• This reply was modified 5 months, 3 weeks ago by Avatar gscottar.
    #91895
    Brian Walton
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    I wonder how the Dodgers would fare if they had to play in a tougher division. It might help explain their October failings.

    On the Cardinals’ business approach, it is easy to say there should be changes, but what should they be? It is not going to be as simple as spending more money.

    As long as 3.4 million fans keep showing up every season, I wonder why DeWitt would want to make major changes. They can do enough each winter to re-kindle optimism. A simple return to the post-season might be enough for them to justify maintaining the status quo. As bad as it has been lately, three more wins and they would be a wild card.

    The next four months will be very interesting…

    #91898
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    gscottar
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    If making money is Dewitt’s number one objective then he shouldn’t change anything.

    As for the Dodgers they have won six consecutive division titles and two consecutive NL pennants, and reduced payroll the last couple of years. That doesn’t sound like a bad organization to emulate unless we are now saying that anything less than a World Series championship is a failure.

    #91899
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    forsch31
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    So, if the Cardinals make the playoffs this year, does that make their way of doing things OK?

    Also, the Dodgers have lowered their payroll to the same level as the Cardinals. How are the Cardinals supposed to lower their payroll to the same level and improve?

    #91900
    Brian Walton
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    What is “OK” and not OK is a personal decision. But all the tough talk is meaningless unless unhappy fans vote with their spending (and watching = ratings). To date, there does not seem to be evidence of significant change. Then again, the happy days of a 20-10 team were not very long ago – May 1 to be specific.

    #91901
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    NJ315
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    They are always close to the wild card. I just disagree with some of their processes and decisions. For example why not conduct a manager search? Interview a few people including Shildt. The result might have been the same that Shildt got the job. But what was the hurry? Why not talk to other candidates and see what they had to offer? I am not questioning the result just the process. Another question why extent Mikolas so soon? I get that it might have cost more money if he had another great season but was the risk of that higher than waiting in case he didn’t? Goldy’s extension made sense Mikolas didn’t.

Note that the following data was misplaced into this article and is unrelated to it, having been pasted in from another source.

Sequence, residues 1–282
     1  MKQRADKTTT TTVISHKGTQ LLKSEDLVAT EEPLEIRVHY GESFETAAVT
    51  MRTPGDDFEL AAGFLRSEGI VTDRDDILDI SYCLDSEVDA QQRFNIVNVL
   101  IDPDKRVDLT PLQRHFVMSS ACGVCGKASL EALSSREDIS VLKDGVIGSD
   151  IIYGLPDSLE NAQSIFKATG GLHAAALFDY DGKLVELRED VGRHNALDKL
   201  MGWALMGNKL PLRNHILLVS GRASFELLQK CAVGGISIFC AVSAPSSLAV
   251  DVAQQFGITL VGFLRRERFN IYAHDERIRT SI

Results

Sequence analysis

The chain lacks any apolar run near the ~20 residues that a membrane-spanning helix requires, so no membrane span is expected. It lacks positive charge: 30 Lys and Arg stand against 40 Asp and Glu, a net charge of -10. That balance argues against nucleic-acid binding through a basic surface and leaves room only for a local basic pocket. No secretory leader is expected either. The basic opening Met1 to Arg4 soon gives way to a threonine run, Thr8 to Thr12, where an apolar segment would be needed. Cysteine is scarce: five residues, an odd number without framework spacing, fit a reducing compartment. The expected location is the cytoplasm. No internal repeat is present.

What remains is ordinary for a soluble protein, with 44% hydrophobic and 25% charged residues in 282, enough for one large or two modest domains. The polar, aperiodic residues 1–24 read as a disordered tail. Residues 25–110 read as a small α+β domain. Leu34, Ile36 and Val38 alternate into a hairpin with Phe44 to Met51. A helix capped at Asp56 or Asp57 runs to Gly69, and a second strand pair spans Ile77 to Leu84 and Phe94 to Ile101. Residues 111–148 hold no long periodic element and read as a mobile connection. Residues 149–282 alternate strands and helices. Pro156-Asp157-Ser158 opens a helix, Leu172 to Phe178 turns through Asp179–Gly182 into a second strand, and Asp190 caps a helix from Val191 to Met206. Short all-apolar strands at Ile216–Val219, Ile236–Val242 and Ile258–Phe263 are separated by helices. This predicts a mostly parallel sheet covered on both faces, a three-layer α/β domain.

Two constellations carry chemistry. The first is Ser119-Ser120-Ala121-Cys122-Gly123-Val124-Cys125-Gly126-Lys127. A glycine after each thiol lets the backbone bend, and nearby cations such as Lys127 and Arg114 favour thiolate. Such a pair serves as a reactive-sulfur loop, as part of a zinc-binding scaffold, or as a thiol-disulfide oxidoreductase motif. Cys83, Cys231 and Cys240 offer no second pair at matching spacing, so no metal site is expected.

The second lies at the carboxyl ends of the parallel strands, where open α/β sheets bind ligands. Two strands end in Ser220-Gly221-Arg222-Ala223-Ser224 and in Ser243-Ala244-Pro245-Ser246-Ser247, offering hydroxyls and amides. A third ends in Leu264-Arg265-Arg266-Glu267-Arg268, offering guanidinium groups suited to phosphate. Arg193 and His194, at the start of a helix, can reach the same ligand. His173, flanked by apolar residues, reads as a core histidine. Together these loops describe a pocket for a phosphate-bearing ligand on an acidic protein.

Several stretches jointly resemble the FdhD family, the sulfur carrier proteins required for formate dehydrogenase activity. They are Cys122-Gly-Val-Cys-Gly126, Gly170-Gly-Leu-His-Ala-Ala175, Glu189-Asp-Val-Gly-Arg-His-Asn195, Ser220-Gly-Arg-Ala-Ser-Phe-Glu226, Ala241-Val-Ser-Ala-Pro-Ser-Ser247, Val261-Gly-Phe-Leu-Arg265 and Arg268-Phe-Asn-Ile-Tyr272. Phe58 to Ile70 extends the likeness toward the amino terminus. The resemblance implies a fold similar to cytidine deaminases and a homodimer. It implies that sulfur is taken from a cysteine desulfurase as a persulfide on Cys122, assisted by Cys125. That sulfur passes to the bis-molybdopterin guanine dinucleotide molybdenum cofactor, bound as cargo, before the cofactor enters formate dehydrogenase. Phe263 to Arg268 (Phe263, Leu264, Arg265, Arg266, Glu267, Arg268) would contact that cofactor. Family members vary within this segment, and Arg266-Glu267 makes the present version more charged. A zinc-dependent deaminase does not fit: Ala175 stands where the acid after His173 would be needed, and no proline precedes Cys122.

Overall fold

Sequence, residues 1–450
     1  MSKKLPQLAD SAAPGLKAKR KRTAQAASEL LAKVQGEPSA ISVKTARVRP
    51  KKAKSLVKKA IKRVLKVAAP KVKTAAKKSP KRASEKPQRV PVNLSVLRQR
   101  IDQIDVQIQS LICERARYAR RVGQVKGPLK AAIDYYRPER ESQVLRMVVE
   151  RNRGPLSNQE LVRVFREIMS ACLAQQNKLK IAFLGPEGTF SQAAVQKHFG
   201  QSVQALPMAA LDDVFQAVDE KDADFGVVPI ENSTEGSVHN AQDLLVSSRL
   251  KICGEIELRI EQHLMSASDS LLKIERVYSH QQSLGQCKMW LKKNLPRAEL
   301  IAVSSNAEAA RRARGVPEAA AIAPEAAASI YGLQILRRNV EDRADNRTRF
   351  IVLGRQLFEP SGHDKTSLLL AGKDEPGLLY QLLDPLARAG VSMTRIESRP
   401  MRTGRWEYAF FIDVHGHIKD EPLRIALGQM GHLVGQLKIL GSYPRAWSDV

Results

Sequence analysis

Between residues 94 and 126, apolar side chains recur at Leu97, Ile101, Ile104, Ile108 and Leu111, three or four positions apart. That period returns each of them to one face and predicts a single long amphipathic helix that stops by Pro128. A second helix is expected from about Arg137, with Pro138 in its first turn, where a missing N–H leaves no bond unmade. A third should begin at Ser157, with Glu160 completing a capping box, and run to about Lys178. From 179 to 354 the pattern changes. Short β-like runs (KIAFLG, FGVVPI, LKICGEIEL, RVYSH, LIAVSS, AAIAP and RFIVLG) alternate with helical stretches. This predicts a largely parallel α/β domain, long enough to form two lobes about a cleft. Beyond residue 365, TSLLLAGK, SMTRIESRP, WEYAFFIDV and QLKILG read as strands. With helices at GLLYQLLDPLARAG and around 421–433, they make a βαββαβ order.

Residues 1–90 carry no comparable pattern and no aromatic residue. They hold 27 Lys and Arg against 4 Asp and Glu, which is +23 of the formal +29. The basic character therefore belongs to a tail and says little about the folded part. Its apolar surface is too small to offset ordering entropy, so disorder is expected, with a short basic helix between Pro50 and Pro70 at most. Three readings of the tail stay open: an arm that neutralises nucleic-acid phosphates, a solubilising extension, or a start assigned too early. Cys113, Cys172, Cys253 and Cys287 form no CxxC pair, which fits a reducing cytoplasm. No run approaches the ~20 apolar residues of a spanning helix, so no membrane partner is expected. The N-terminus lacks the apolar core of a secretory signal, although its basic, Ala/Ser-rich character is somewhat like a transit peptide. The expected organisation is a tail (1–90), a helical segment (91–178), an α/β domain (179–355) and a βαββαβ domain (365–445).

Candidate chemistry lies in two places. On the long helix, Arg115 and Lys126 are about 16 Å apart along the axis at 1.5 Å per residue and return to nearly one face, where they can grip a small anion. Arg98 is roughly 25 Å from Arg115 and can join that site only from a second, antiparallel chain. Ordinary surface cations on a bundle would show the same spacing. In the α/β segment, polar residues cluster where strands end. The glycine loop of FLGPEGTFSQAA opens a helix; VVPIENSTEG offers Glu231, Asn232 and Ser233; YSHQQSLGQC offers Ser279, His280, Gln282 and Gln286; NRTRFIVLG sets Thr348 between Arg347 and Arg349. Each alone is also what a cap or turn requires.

• This reply was modified 5 months, 3 weeks ago by Avatar NJ315.
    #91903
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    forsch31
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    NJ, I agree with that sentiment. I feel the Cardinals have went through a period of time recently where they are reacting to what has went on rather than being proactive.

    I strongly disagree with the thought that all these teams that are now winning, have done so by doing things that are acceptable to fans (losing) or able to be done by the Cardinals (going over the luxury tax threshold).

    Improvements need to be made. Starting pitching needs to get better. The FO needs to do a better job on trades.

    #91904
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    gscottar
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    Forsch, I would answer your question with a yes. I would be happy with a playoff spot every year even if doesn’t result in a championship. The playoffs can be fluky but we should do everything possible to at least get there and see what happens. To me any season without playoffs is a failure.

    The Braves back in the day won their division around 15 years in a row but only one World Series championship. Most would consider that era a success for them.